Nancy Pelosi in Taiwan: What lies ahead for China and the US?
Chatham House experts examine the implications for Taiwan, China and the United States of Nancy Pelosi’s visit to the island.
China’s fading ties with Washington?
Dr Yu Jie
US House Speaker, Nancy Pelosi’s, visit to Taiwan has plunged China-US relations into a new low as the reservoir of trust forged between the two sides over the last 40 years appears to be almost exhausted.
However, her move will likely not result in the full-scale crisis across the Taiwan strait that some hawkish voices in both Beijing and Washington believe. Instead, Beijing will most likely offer a combination of military posturing toward the US navy and economic sanctions on Taiwanese agricultural and manufacturing products in order to send a clear bellwether to any future potential visits by high-level Western political figures.
Neither Beijing nor Washington has declared a willingness to change the current status quo as the present impasse benefits both governments – but for different reasons. For China, the best approach is to reach a military and economic capability that prevents US engagement with Taiwan without the use of force. For the US, the strategic ambiguity under the Taiwan Relations Act remains an effective card to counter China’s growing military influence in the Indo-Pacific and keep itself relevant within the region as a security guarantor. Yet, both sides have decided to kick the issue of Taiwan’s status down the road, believing that time is ultimately on their side.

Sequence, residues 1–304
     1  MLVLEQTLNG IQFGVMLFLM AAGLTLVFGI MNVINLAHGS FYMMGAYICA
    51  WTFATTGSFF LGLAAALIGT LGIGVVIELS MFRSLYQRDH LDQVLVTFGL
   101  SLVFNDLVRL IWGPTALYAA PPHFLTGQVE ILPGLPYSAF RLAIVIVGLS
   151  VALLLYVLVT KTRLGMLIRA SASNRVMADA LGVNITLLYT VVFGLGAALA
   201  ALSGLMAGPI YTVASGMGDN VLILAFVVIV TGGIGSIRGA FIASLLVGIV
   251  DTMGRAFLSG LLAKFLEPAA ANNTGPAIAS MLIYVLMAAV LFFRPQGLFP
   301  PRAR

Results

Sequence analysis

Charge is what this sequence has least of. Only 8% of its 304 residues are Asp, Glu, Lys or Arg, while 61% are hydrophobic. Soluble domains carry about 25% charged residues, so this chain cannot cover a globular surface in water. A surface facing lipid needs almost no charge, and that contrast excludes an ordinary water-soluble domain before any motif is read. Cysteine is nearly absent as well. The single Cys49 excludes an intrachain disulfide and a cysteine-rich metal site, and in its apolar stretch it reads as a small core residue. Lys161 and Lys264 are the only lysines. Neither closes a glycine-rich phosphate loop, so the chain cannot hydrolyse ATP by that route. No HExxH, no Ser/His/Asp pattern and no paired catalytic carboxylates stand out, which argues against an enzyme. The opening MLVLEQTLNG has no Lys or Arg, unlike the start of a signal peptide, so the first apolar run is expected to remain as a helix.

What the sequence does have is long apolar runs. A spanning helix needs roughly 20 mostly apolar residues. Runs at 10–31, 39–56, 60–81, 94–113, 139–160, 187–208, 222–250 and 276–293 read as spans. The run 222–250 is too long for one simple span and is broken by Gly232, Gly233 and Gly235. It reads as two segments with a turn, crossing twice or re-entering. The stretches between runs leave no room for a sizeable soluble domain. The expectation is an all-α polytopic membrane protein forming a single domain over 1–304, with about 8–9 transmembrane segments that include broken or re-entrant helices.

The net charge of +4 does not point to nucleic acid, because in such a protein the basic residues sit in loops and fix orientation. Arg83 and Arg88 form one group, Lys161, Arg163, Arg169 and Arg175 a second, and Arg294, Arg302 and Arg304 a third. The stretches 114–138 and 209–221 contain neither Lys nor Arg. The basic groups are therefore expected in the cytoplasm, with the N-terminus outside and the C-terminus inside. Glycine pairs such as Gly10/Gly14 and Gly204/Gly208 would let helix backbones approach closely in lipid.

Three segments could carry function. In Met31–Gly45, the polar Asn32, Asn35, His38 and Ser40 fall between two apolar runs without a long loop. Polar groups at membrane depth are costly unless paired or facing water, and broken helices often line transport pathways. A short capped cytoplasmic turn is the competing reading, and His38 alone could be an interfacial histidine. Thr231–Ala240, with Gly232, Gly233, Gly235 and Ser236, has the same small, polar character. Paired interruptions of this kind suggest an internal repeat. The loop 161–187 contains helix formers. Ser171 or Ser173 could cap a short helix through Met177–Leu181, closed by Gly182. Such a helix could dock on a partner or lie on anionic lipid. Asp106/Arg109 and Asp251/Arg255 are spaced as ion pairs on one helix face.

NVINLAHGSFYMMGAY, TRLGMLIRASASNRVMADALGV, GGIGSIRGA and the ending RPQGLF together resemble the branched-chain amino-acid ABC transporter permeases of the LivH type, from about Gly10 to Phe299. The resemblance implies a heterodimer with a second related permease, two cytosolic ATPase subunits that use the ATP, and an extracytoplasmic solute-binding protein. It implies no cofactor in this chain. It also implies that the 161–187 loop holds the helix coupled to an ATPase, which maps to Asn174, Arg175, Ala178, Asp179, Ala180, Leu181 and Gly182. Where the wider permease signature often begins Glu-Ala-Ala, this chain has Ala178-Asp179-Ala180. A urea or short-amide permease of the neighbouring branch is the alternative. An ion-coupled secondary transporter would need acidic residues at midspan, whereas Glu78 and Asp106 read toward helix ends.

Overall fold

Despite a chorus of nationalistic rhetoric, China will be careful not to stumble into an accidental conflict which risks colossal damage on all fronts. Chinese President, Xi Jinping, must weigh all of the options before him as Beijing cannot afford to be perceived as unilaterally seeking to change what it agreed with the US back in 1979 when ties were re-established. If that happens, it will provoke the US political establishment to reach a unanimous agreement to change its ‘One China Policy’ and, ahead of the 20th Communist Party Congress where Xi is expected to be crowned for a historic third term, the last thing he wants is an unnecessary conflict with Taiwan.
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